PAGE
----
Told that the prevailing view is that New Zealand does not have the power to influence the demands of the big supermarket chains, he says "You don't think you do, but how you frame your market approach can have an effect.
"New Zealand has incredible global recognition for grass-fed livestock. The next step beyond that would be, 'Not only are we pasture based, we're community- processing based'."
That would mean local farmers clubbing together to process their own meat for export, he says. "A group in a small processing centre could actually take what is now considered a liability - being small - and turn that into an integrity asset that can be marketed as part of the New Zealand clean-green mystique.
"Instead of buying into the global agenda, which is using food as just industrial stuff, we would say we view food as biological, a living thing, that belongs in smaller communities." He pauses and grins. "How am I doing? I'm just winging it here."
WHEN the laughter dies down, he is asked for another idea. It is a radical one for pasture farmers. It is to allow their grass to grow as much as a metre high before putting cattle on to it.
It works on his cattle-only pastures but in New Zealand wouldn't be practical for sheep. However, it could be a useful way of returning fertility to the hills without having to fly on fertiliser.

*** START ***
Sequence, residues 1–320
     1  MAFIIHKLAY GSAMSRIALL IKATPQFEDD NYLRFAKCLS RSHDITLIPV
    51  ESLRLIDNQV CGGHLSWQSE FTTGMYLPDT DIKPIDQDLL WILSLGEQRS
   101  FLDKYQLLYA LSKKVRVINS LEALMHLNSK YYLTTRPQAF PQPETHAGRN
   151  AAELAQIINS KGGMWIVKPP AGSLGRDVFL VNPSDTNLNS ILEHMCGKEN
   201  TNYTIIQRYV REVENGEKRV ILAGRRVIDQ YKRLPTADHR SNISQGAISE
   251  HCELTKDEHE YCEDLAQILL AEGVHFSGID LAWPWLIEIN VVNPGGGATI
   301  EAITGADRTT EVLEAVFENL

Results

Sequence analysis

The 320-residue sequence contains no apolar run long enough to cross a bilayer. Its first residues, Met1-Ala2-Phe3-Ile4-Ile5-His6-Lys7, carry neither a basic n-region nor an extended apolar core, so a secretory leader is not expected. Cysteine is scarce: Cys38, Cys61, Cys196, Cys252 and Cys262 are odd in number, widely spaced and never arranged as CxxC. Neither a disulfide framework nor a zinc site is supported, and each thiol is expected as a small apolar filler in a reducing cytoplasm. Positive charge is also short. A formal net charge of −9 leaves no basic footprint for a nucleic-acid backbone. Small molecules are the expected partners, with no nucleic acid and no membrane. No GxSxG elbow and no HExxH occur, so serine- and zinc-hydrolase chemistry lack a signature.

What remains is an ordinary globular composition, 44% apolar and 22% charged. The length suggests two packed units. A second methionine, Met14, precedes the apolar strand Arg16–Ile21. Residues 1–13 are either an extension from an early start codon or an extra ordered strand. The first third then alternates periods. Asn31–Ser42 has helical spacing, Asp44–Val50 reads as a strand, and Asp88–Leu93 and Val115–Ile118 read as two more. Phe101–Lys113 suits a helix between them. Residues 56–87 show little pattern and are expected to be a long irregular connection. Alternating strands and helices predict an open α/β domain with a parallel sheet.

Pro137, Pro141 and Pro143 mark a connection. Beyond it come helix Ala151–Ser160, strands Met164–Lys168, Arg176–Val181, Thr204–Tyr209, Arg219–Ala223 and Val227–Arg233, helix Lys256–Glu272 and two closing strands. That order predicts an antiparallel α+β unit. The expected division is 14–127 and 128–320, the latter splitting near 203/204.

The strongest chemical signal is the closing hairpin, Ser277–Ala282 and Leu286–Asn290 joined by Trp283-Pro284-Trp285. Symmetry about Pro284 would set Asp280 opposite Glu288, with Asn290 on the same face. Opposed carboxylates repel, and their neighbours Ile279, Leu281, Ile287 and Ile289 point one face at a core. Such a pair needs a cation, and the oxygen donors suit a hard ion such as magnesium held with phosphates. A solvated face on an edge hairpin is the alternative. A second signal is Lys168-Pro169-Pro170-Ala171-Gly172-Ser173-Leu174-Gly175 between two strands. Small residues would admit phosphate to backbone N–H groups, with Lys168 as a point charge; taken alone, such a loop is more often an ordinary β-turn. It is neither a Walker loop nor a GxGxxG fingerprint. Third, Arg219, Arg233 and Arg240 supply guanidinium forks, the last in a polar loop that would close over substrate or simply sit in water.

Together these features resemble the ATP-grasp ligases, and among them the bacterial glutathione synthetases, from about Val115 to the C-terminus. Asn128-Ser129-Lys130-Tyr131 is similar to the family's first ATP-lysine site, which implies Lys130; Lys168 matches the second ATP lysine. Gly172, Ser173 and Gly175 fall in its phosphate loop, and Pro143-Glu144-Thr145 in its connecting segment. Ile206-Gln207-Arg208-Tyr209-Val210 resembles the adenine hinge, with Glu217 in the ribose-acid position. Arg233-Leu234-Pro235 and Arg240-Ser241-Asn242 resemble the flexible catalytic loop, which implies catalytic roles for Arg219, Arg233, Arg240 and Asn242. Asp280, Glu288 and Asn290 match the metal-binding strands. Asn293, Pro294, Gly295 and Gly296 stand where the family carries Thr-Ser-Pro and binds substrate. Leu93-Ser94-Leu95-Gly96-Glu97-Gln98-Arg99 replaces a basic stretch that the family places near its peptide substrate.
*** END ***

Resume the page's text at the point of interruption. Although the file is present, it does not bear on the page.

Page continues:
"We've done it for 10 years," he says. "Instead of going six times a year at yea high [he holds his hand a few centimetres off the floor], we go two times at this height [his hand moves up to his waist]. What that allows us to do is to put 400 head on less than two acres for a day. Imagine that."
The idea is that the cattle rumens get plenty of starch, much more than they do from normal pasture covers. The benefit of this to their digestion of nutrients is seen in their weight gain, but more immediately in the cowpats they leave behind.
This leads to a colourful description of manure. "We monitor it carefully. If it's coming out in cookies, that indicates the forage is too mature, too lignified. If it's coming out in sheet cake [a popular American chocolate cake] it's too high in protein. What you want is a pumpkin pie - round, slightly elevated on the edges, sunken in the middle, with a little," - and here he makes a high- pitched sound, "dwee-irt", and points his finger downward - "in the middle, where the sphincter muscle cut off the last little bit."
He says the cattle can't eat all the high pasture in just a day. "But what they don't eat they tromp on to the soil surface, so that weeds, brambles, thistles, anything undesirable, is not left standing. It gets the carbon back in, chips it up with the hoof and presses it into the soil surface where the microbes can actually eat it."
He adds, "We say you can't walk through it and 24 hours later a mouse has to carry lunch in a knapsack to get across it.
"We call it our poor boy carbon fertility programme. Basically we're grazing hay. I call it mob- stocking-herbivorous-solar-conversion-lignified-carbon-sequestration-fertilisation."
He has the born writer's fondness for playing with words - he was a newspaper reporter before taking over the family farm and has written seven books on farming, some of them bestsellers.